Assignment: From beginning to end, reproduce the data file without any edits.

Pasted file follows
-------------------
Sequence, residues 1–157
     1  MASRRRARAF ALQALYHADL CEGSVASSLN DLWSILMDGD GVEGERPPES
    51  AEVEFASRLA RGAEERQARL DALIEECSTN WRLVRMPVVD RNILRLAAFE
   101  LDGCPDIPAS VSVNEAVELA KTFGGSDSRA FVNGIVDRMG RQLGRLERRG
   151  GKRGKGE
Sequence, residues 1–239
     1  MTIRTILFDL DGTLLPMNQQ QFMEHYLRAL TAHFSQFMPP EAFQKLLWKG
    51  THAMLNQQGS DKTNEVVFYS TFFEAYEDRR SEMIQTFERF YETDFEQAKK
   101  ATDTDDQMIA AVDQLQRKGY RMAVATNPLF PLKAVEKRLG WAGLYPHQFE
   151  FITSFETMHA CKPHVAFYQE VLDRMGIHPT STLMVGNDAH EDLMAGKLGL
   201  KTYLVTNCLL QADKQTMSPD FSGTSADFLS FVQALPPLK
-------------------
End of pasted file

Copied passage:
Sequence, residues 1–157
     1  MASRRRARAF ALQALYHADL CEGSVASSLN DLWSILMDGD GVEGERPPES
    51  AEVEFASRLA RGAEERQARL DALIEECSTN WRLVRMPVVD RNILRLAAFE
   101  LDGCPDIPAS VSVNEAVELA KTFGGSDSRA FVNGIVDRMG RQLGRLERRG
   151  GKRGKGE
Sequence, residues 1–239
     1  MTIRTILFDL DGTLLPMNQQ QFMEHYLRAL TAHFSQFMPP EAFQKLLWKG
    51  THAMLNQQGS DKTNEVVFYS TFFEAYEDRR SEMIQTFERF YETDFEQAKK
   101  ATDTDDQMIA AVDQLQRKGY RMAVATNPLF PLKAVEKRLG WAGLYPHQFE
   151  FITSFETMHA CKPHVAFYQE VLDRMGIHPT STLMVGNDAH EDLMAGKLGL
   201  KTYLVTNCLL QADKQTMSPD FSGTSADFLS FVQALPPLK